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Based on the design of a 8-oared racing scull, substitute recumbent bicycles with booster hand cranks for the rowing seats. Link all the pedal sets to a driveshaft running the length of the hull, terminating in a propeller.
Build the craft of titanium and carbon fibre plus other advanced materials
to give light weight and extreme strength.
Put eight big strong humans in the bicycles, and get them to pedal and crank as hard as they can. Repeated blows with a whip may be used to encourage performance. This can be done before, during, and after the race.
Race teams against one another.
The "rowers" should be capable of collectively delivering about a kilowatt in short bursts; and compared to oars, pedalling a propeller is far more efficient <link> - so the speeds should be much higher.
Screw propulsion beats paddles- conclusively [8th of 7, Apr 12 2017]
Even without "recumbent"
Propeller power is vastly superior to paddles. [Vernon, Apr 13 2017]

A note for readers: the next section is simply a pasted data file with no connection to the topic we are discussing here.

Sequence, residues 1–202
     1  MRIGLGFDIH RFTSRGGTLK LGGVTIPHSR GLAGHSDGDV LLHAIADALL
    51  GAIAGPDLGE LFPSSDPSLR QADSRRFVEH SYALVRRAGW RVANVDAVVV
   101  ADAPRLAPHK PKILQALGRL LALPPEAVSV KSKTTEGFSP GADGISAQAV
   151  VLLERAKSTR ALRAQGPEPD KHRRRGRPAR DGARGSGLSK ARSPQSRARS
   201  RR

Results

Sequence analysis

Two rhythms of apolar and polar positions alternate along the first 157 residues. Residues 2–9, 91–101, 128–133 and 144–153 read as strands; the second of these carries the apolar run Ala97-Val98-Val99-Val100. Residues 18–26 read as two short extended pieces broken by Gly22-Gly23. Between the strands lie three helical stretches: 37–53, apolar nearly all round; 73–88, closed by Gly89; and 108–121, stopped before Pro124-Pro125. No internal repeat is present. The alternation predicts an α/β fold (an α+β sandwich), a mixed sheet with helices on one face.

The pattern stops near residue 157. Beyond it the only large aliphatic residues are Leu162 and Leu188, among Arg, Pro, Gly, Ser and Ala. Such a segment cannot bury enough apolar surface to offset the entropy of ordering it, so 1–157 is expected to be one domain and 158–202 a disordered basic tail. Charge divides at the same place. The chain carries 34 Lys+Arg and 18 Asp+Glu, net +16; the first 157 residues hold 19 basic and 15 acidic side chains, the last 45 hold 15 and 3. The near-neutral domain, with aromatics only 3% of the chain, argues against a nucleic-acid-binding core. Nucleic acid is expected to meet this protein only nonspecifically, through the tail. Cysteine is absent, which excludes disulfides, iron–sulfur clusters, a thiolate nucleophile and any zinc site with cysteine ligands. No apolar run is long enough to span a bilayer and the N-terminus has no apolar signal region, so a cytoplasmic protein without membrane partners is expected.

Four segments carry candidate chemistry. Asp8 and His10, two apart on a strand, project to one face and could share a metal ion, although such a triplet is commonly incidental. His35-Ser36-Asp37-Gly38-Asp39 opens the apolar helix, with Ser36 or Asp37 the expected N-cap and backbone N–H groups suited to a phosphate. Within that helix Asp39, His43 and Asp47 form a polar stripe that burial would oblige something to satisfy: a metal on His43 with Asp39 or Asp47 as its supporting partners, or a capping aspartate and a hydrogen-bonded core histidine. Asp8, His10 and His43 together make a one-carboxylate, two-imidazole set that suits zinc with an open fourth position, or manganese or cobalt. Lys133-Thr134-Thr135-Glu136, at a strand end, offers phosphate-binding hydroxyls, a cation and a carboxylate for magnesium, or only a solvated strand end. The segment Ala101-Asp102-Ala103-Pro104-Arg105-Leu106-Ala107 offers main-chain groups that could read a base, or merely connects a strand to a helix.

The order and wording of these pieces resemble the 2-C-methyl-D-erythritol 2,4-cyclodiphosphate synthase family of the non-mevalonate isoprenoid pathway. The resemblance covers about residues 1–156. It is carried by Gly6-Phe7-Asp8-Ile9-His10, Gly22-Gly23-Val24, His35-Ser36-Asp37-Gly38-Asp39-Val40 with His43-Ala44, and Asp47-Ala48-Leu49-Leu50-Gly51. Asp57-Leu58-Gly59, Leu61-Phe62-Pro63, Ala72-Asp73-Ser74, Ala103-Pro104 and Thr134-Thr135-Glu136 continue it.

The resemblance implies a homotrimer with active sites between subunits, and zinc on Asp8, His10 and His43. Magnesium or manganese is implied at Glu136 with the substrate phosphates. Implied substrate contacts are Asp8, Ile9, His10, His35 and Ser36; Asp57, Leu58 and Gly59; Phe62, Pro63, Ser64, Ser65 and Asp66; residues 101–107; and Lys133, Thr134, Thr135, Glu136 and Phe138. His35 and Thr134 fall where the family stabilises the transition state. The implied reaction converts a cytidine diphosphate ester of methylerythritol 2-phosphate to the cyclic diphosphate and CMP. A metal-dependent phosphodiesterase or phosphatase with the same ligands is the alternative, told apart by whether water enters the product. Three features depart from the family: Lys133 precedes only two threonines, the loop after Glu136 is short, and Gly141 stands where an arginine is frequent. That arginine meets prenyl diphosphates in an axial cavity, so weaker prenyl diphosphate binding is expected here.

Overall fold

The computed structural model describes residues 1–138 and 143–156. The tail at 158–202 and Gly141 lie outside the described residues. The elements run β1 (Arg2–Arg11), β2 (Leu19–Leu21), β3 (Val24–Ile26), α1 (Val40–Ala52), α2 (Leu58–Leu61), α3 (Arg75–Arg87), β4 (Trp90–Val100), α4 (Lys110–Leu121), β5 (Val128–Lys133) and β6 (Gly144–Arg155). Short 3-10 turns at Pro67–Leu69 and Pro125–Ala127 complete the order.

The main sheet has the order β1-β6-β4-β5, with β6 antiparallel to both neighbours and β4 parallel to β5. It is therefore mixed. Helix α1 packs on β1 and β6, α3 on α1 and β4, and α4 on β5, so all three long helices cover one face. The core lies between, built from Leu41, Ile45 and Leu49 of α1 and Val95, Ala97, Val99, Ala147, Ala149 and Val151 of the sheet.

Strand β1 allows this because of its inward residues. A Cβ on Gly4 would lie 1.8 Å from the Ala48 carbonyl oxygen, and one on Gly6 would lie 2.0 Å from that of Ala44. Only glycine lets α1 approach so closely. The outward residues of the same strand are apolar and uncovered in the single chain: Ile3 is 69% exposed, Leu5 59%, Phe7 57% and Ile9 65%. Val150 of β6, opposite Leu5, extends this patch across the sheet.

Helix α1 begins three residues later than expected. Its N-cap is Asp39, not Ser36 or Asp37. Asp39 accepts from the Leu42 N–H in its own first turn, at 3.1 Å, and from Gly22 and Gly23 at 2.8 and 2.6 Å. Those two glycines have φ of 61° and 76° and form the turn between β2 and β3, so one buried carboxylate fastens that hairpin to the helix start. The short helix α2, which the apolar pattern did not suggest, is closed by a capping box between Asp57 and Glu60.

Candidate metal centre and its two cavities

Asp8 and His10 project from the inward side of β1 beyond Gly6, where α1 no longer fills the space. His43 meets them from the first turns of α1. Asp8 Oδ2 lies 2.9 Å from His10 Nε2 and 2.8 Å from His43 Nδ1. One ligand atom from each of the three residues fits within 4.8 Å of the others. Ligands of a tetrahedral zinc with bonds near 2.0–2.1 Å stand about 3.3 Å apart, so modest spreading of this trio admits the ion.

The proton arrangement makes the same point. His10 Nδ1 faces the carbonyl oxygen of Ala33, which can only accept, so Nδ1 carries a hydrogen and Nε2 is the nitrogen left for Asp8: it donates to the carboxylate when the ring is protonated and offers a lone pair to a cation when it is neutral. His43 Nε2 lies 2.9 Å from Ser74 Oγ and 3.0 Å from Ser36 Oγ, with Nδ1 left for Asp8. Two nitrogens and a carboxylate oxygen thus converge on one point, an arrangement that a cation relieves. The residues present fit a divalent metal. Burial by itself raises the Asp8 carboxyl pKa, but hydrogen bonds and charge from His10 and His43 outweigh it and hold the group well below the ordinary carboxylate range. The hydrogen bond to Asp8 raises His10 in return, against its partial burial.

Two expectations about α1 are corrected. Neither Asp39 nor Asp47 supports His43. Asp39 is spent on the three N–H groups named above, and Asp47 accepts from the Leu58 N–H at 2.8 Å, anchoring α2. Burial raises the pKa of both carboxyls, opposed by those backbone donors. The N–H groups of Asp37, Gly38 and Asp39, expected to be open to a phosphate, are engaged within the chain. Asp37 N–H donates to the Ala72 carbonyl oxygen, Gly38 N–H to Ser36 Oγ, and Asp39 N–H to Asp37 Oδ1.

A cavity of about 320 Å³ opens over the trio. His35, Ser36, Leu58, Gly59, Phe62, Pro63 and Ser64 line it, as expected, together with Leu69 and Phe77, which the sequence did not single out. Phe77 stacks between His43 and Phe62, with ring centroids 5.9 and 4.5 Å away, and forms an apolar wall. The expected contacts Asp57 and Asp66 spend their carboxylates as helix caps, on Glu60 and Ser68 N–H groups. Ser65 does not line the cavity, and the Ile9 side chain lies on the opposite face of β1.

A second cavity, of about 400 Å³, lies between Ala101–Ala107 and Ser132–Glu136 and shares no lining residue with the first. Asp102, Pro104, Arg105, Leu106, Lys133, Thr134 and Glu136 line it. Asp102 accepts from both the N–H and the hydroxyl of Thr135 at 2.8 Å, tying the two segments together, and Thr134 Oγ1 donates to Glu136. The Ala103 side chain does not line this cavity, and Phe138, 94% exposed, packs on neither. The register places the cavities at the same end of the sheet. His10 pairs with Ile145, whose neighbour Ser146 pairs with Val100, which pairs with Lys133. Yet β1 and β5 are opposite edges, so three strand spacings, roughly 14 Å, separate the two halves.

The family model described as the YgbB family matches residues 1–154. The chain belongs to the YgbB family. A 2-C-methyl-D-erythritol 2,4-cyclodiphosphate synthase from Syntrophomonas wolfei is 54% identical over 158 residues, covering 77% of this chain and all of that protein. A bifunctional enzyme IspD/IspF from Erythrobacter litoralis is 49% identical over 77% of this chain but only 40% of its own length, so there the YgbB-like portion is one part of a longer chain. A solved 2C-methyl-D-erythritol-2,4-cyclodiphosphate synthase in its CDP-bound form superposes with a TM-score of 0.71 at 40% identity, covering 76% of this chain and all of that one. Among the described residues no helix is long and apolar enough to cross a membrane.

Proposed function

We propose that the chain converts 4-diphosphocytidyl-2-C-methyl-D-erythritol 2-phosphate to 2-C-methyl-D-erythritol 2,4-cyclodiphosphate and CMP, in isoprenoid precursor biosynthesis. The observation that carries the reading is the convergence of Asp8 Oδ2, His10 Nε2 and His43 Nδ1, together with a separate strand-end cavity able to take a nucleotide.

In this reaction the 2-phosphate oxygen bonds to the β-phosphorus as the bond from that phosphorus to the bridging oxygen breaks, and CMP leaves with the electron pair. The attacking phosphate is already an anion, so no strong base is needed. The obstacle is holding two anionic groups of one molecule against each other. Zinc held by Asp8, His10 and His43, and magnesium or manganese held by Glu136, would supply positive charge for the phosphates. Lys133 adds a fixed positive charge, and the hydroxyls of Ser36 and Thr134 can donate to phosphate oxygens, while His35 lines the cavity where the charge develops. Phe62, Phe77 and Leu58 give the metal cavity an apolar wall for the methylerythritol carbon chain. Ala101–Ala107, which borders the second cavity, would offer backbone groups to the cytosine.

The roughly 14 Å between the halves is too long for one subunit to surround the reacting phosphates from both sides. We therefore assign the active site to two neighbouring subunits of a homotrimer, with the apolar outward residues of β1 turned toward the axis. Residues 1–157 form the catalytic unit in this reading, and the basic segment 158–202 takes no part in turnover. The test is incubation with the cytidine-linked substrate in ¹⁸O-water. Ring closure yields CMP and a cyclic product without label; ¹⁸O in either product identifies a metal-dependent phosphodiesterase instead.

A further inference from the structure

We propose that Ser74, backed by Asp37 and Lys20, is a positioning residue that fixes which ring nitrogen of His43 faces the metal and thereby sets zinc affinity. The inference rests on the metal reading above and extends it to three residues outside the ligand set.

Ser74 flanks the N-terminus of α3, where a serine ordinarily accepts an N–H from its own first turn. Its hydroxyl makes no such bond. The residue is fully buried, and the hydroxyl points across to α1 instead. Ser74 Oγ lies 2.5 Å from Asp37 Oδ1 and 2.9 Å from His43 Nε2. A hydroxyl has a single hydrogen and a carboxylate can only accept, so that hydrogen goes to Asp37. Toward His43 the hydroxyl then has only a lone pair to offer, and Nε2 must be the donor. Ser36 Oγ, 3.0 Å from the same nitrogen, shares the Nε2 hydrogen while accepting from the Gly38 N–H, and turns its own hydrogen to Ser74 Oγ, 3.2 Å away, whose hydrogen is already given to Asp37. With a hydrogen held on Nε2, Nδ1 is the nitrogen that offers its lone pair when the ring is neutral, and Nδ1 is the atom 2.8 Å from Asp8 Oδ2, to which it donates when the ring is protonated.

Not as streamlined...
...but offers more horsepower and greater disciplinary possibility. [whatrock, Apr 13 2017]
world's fastest pedal boat
[pashute, Apr 13 2017]
cardboard cup boat competition
[pashute, Apr 13 2017]
||Having seen a 2-person pedal-powered catamaran (and how fast it could go), I'm amazed that pedal-boat racing isn't already a Thing.
||//Having seen a 2-person pedal-powered catamaran (and how fast it could go)// That's all well and good, but wait until they try it on water.
||They go very fast in water.
||Unfortunately, it's straight down ...
||It was actually part of a "Cardboard Cup" boat race; the pontoons were made of cardboard, with the framework, pedals etc made from bits of bicycle. And it went remarkably well. On the water.
||My understanding that the rowers have something
to push against with their feet when they pull back
the oar. Having a single pedal to push on together
with mounted handles rather than the oar will
allow rowers to use their legs, core and arms all,
as is the case with rowing.
||The question: which provides more efficient thrust
- a large but slow moving interface (oar) or small
but very fast moving interface (propeller).
||I wonder if the Olympic sport has rules requiring
propulsion be via oars or if other approaches
translating human power would be allowed.
||It's been repeatedly proven that the screw propeller, properly sized to minimize cavitation and turbulence (optimum diameter/blade angle/rotation speed) is far more efficient than oars or paddle wheels.
||Probably there is a standardized boat, and affixing
various things to the bottom will violate the rules.
Although maybe not - maybe they will assume no-one
would do something like that because of increased